Friday, September 12, 2014

Korrok, Slavemaster from the Eighth Plane (John Dies at the End)

Here he is! It's been a lot of work and a big struggle to complete it but I've finally finished my painting of Korrok from John Dies at the End written by David Wong.

"With a tiny change in your brain chemistry, I could make you a child molester." -Korrok

I tackled a lot of stuff I don't normally go after with this piece. Korrok may be a monster, but it felt more like I was painting a landscape because he's just a big somewhat ambiguous form, so there wasn't any real anatomy to nail. Just like the last two paintings, I tried my best to fit as many details straight from the text as I could, but this was definitely the most challenging of the 3 in that department. There was just so much going on, and the scene was so specific I had to cut some things I would have liked to put in for the sake of having a good painting overall. Still I knew that what was most important with this piece was to illustrate the huge scale of Korrok as well as showing off all his disgusting bits. For the fans of the book, I hope it lives up to the image you had in your head while reading.

For anyone who's interested in how the painting process went for this piece, here ya go! By the way, there's some more words after, so scroll to the bottom for the blog post wrap-up.
1 - Sketches
 Really wanted to make sure I went with the best idea, so I did a bunch of variants...
2 - Chosen Sketch
...ultimately settling on this sketch.
3 - figuring out forms/ refining composition
 It's best to figure out all of you compositional problems with a rough sketch before laying down all the detail.
4 - adding color
 Trying to figure out a rough color palette so I don't have to make it up as I go.
5 - refining color options / experimenting

6 - final color study
 From here I decided that I liked what it was so far, and this gives me a really good road-map for the rest of the painting
7 - painting begins
 I dive right in, painting in the form of the eye and starting to add some detail in just to get a feel for how I want the whole thing to look in the end.
8 - laying down texture
 I knew I wanted this thing to be really gross and nasty looking, so I spent a lot of time laying down texture over the whole body of Korrok...
9 - building up more texture
 ...seriously, lots of time layering up all that texture, a lot of which comes through in the final image.
10 - adding form, details, foreground
 So I have my flat, textured form, now it's time to carve into the mass with highlights and shadow, I used multiply and overlay layers to keep some transparency so I didn't lose all of the texture work.
11 - up the lighting, adding form, more details
 The piece was looking too muted so I made it brighter, more carving out details, lots of layering to get things just right
12 - more detail, hue shifts
All of this layering took a LOT of time, I basically spent the whole painting noodling over area after area. I also wanted the colors to shift here and there so I apply that here.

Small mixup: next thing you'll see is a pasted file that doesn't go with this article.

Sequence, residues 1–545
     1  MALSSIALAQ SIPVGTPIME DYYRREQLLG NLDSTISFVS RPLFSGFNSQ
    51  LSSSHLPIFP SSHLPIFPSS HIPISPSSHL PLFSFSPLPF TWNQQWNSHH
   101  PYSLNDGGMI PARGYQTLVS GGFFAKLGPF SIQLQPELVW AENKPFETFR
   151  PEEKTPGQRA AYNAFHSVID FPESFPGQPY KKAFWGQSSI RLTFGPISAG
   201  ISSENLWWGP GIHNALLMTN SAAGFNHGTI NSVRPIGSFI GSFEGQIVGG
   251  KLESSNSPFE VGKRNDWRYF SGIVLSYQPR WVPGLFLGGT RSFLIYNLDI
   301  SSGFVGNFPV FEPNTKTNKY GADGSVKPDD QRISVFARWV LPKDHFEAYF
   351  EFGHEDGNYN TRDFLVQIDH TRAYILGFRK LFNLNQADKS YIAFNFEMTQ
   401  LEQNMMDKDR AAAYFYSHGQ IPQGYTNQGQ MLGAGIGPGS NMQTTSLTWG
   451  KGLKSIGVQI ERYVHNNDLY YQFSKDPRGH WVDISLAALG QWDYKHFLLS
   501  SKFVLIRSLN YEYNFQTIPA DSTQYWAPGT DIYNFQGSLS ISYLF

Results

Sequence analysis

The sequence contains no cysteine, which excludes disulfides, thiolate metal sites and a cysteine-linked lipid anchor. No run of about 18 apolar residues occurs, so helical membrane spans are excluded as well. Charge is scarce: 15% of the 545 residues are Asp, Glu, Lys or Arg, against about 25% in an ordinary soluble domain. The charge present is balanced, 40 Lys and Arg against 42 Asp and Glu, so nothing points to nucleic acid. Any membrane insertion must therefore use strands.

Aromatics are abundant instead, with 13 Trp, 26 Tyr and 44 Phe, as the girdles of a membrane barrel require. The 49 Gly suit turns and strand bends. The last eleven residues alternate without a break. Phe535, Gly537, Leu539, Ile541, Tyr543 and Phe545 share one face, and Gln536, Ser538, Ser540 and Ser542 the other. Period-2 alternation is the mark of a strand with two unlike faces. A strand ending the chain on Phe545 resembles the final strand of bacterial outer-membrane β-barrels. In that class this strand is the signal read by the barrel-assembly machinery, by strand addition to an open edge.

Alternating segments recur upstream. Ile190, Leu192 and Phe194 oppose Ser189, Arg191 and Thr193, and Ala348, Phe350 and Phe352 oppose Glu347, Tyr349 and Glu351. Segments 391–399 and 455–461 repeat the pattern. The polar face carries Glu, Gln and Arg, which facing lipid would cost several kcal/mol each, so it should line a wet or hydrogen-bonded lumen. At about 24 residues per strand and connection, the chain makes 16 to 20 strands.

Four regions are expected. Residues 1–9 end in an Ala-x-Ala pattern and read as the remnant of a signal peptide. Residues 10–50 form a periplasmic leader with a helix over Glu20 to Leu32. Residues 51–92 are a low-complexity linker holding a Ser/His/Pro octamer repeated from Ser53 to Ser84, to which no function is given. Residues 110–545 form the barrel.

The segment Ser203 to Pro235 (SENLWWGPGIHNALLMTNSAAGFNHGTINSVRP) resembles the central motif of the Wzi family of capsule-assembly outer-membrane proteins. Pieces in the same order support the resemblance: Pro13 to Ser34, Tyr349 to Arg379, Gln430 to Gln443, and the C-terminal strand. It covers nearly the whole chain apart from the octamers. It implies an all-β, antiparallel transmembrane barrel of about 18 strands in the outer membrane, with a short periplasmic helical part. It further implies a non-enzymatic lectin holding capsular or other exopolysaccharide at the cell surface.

13 - starting the eye
 I looked up a bunch of different reptilian eyes to make sure I got the details right. I wanted the eye to be the focus, so nailing the detail and color was muy importante.
14 - eye refining
 Just rendering out that eye more, adding all the love and care Korrok deserves <3 br="">
15 - light & texture adjustments
Decided there wasn't enough texture, so I added more, and light, I added more of that too.
16 - darken background...oh, and more detail
I wanted the piece to read more dramatically, plus Korrok is in a cvery dark room surrounded by shadow men, but I decided I didn't want to cover up all of that detail with blackness that most people probably wouldn't be able to tell what it was from this far out. So instead of smoke and shadow-men I made a dark background to emphasize that idea. This was one of those areas where I had to decide between being faithful to the text by adding in everything or giving the painting what it needed. I may have to make it up to the shadow men one day, they deserve some love too right?
17 - detail, starting catwalk
 From the start, I knew the catwalk would be the very last thing I painted. I rather paint over-top of a huge mass than painting painstakingly around one. It would've taken a lot more time and effort to paint in the catwalk first. Why hassle yourself? Also, keep that on a separate layer, also muy importante.
18 - catwalk support, tiny figures
From left to right, it's the masked fat-man, John, David and Molly.
19 - Final tweaks made (final image)
And there you have it!

It's been about 4 months since I started my John Dies at the End series, and with this painting the series will come to a close for now. I'll be leaving for Illuxcon in a couple days and I'll be shopping my artwork around (including these 3 JDatE paintings!) and then after that I'm going full-force into working on a Magic: the Gathering portfolio, because I'm tired of not working on Magic already!

I want to sincerely thank all of the people who've spent time checking out these hopefully enjoyable paintings of a definitely awesome book. Including everyone who posted such kind words over on the thread I made on the forums. You guys were awesome!

And a special thanks to David Wong himself for writing such fun material for me to work from. Make sure to check out the source material John Dies at the End and it's sequel, This Book is Full of Spiders. They are a beautiful blend of humor and horror.

Click here to purchase a print of Korrok!